12am The healthy clubbing scene is just getting started. Try Octagon nightclub in Itaewon, an area known for its progressive international scene. Table service is normal for groups, but be wary – the Koreans love to drink, and your table will be laden with soju and flavoured cloudy makgeolli (fermented rice wine). Club Octagon, B1/B2 New Hilltop Hotel, 152 Nonhyeon-ro, Seoul
3am Time to partake in the post-party tradition of Haejang Guk (hangover soup) – an old tried-and-tested ‘cure’ to prevent the pains of excessive imbibing. Grab a seat at Cheongjinok and slurp up this spicy beefy soup teeming with cubes of ox blood, bean sprouts and spring onions. Cheongjinok, 24 Jongno 1-ga, Jongno-gu, Seoul
9am Make an early-morning visit to bustling Noryangjin Fish Market (above), a fascinating place with all kinds of sea creatures on display in glass tanks. You can’t get fresher than this – take your pick and bring it still alive to one of the many small restaurants upstairs, where the chefs can prepare your chosen fish a number of ways. Noryangjin Fish Market, 674 Nodeul-ro, Dongjak-gu, Seoul
10am Dive into Korea’s checkered history of invasion and occupation at The War Memorial of Korea (below), which showcases poignant exhibits, artwork and artefacts. A must-see in Seoul, especially now, to help understand the tense relationship between North and South Korea. warmemo.or.kr
1pm For lunch, head over to Gwangjang Market for the best street food Seoul has to offer. Enjoy jap chae glass noodles, addictive rice rolls and bindaetteok – a savoury mung-bean pancake studded with unctuous pieces of pork and tangy kimchi. Gwangjang Market, 88, Changgyeonggung-ro, Jongno-gu, Seoul
3pm In the famed district artistic of Insadong you can explore art galleries, teahouses and souvenir shops. Speciality Korean dumpling restaurants also abound here in the small side alleys – my favourite, Bukchon Sonmandu, plates up some of the best king-sized dumplings in town. Bukchon Sonmandu, 42-5 Insadong-gil, Gwanhun-dong, Jongno-gu, Seoul
7pm Seoulites love whiskey and many specialist bars have popped up in recent years. Finding Le Chamber is a bit tricky, with only a discreet bookshelf to greet you, and you have to be in the know as to which book to select to gain entry. Once inside, the extensive whisky selection and slick cocktails will set the mood for a civilised evening. Drinks from £13.75. Le Chamber, 42, Dosan-daero 55-gil, Gangnam-gu, Seoul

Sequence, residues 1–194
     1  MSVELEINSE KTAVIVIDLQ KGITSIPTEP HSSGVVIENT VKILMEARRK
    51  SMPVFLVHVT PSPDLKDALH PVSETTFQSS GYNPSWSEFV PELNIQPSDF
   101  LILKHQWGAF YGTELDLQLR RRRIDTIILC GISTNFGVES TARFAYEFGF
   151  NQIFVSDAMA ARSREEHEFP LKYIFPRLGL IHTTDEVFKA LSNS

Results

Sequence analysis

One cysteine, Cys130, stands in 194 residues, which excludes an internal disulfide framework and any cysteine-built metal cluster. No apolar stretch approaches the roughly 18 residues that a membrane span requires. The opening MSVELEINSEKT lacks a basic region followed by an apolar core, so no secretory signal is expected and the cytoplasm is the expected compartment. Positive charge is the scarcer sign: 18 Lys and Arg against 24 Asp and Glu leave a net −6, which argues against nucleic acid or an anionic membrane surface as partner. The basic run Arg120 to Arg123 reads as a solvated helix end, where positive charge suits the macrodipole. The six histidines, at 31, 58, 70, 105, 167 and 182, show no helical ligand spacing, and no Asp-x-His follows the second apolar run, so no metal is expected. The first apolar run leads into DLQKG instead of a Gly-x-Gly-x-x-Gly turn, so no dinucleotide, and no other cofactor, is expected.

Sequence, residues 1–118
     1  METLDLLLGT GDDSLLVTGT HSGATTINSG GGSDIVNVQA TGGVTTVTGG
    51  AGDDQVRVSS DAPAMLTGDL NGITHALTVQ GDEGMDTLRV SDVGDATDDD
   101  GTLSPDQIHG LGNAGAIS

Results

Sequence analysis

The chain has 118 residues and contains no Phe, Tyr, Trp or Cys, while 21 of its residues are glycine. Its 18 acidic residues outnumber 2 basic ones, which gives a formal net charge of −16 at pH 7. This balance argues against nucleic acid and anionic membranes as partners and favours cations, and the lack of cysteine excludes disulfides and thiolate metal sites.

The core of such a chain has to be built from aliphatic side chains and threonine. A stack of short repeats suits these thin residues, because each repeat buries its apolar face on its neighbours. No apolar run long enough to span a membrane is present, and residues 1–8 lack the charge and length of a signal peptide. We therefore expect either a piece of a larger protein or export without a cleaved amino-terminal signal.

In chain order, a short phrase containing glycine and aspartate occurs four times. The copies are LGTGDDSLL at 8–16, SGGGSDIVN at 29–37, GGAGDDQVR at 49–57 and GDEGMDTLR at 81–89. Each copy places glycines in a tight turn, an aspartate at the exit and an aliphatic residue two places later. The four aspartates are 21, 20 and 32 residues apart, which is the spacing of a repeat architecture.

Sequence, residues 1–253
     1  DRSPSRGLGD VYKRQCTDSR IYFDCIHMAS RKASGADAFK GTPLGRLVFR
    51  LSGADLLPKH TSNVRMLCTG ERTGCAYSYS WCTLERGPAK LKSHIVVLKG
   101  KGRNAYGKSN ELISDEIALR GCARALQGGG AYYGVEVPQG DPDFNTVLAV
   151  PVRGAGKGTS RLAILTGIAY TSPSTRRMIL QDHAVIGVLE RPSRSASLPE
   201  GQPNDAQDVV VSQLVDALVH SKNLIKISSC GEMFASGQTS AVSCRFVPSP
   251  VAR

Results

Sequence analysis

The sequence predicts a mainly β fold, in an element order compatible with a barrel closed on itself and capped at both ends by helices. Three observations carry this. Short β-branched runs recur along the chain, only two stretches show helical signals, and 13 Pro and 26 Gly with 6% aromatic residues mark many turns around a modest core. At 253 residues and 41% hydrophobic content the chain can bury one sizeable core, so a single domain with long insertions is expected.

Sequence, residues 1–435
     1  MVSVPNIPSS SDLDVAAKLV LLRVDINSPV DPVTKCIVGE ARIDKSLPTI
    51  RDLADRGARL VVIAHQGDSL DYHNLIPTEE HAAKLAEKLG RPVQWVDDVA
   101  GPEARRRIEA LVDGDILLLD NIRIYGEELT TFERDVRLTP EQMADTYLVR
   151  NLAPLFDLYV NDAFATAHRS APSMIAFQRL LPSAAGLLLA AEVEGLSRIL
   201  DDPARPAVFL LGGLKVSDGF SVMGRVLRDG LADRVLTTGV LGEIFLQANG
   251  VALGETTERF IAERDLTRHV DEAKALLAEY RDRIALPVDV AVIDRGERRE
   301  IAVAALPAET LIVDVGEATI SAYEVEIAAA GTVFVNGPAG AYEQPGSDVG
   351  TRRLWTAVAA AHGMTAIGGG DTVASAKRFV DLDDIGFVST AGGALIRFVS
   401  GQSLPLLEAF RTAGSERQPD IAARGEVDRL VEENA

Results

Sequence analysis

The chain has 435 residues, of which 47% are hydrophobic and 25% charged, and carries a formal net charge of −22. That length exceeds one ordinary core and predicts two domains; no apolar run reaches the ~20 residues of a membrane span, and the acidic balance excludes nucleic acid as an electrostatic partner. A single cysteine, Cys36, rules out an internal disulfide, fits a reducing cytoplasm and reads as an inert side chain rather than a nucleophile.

9pm Upscale dining is on the menu tonight at Gaon (above), one of only two restaurants in Seoul to be graced with three Michelin stars. Gaon harbours an understated elegance, hinting that you are about to engage in something quite special. Fresh crab marinated delicately in soy sauce, buttery hanwoo beef grilled to perfection, poached fish kissed with ginger… you’ll leave smiling and very content. Dinner from £150. Gaon, M Floor Holim Art Center, 317 Dosan-daero, Gangnam-gu, Seoul
12pm Dare I say it… be a loser and retire to the refined Four Seasons. And congratulate yourself on really doing Seoul.
Judy Joo is the chef patron of Jinjuu Restaurants in London and Hong Kong, and the host (Food Network UK) and author of Korean Food Made Simple (Jacqui Small, £22).
Lufthansa cabin crew tips for Seoul
Kim Heejin | flight attendant
Serving excellent speciality coffees in a renovated traditional hanok (traditional Korean house), this is a welcome addition to the Gwanghwamun coffee-shop scene. 24, Jahamun-ro 24-gil, Jongno-gu, Seoul
The Hand and Malt Brewing Company Tap Room
Here you can sample a range of reasonably priced, quality craft beers from this small local microbrewery. thehandandmalt.com
This restaurant in Hongdae specialises in Korean home cooking. Head here for large bowls of comforting Bibimbap. 203-56 Donggyo-dong, Mapo-gu, Seoul
This article was published 5 September 2017